March 30, 2012
The U.S. Basketball Writers Association announced on Friday that its annual Women's National Player of the Year Award from this moment forward will be named the Ann Meyers Drysdale National Player of the Year Award after the former Bruin great who led UCLA to a national title.
The award honors one of the all-time greats of the game. Meyers Drysdale was the first four-time All-American (1975-78)and she helped bring the Bruins a national title in 1978 while playing in the AIAW.
"I am quite thrilled and excited to become part of this," said Meyers Drysdale on learning of her choice by the USBWA for the honor. "It's nice to be considered along with the other names being talked about for these awards. It is nice to be regarded as one who has helped grow the women's game."
"I know some of these young winners probably never heard of me," Meyers Drysdale quipped. "But it's nice to link women's notables from the past with the stars of the present day."
Meyers Drysdale, currently vice president of the WNBA's Phoenix Mercury and NBA's Phoenix Suns, is an inductee of the Naismith Memorial and Women's Basketball Halls of Fame, among numerous other honors such as induction in the FIBA Hall of Fame.
This year's winner of the Ann Meyers Drysdale Award will be announced on Tuesday morning at the USWBA Women's Basketball Awards Breakfast sponsored by ESPN, in Denver, the site of the NCAA Women's Final Four, at the Hyatt Hotel at 9 a.m. MT.
Meyers Drysdale, the first woman to receive an athletic scholarship at UCLA, will be on hand to present the award to the winner, who will come from one of the 10 USBWA All-Americans.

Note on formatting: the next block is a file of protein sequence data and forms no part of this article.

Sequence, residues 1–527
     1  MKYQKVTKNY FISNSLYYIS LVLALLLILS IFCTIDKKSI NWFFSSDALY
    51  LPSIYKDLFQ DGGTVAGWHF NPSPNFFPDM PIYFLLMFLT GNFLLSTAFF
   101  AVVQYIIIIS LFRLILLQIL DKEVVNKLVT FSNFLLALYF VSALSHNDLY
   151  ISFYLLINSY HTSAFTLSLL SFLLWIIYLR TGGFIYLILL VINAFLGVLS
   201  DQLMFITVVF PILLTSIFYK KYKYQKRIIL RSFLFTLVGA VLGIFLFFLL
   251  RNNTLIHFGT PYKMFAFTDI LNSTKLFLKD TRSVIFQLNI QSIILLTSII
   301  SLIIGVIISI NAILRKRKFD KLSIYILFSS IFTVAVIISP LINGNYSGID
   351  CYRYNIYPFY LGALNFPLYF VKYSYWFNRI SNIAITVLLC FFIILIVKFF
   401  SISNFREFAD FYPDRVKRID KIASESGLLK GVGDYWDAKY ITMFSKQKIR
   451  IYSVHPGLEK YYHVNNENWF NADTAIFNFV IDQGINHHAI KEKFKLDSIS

Meyers Drysdale has also had a distinguished broadcasting career for more than 30 years, with emphasis on broadcasting the Olympics for NBC and NCAA tournament games as well as regular-season college games for ESPN and FSN. She has also been an analyst for CBS and also worked WNBA games for NBC and ESPN prior to her hire by Phoenix.
Fittingly, this honor comes on the 40th anniversary of Title IX, the landmark federal legislation in 1972 that increased opportunities for women on the playing fields in collegiate sports.
"Honoring Annie is the first of an initiative begun this year to start putting names of some of the greats of the women's games on annual awards in almost the same manner on the men's side that now offers the Oscar Robertson Player of the Year Trophy and Henry Iba Coach of the Year Award," said Mel Greenberg, the women's representative on the USBWA board of directors.
"In mentioning potential candidates for the women's honor to prominent persons in both the men's and women's games, as well as media members of USBWA covering both men and women, Ann's name was the one which was overwhelmingly endorsed as a top choice," Greenberg said.
Meyers Drysdale was married to the late Los Angeles Dodgers pitching great Don Drysdale, who also was an Olympian. She is the only woman to have signed an NBA free-agent contract when the Indiana Pacers inked her in September 1979, though she did not make the team.
Meyers Drysdale, who has two sons, Don Drysdale Jr. and Darren, and a daughter Drew, is co-authoring a book on her life, "You Let Some GIRL Beat You," which is set to come out in June.
The U.S. Basketball Writers Association, formed in 1956, has named a women's All-America team since the 1996-97 season. The association has also named a national player of the year since 1987-88 and a national coach of the year since 1989-90. This season marked the first time the USBWA named a weekly national player of the week. In 2002-03, the USBWA initiated an award for the nation's top freshman.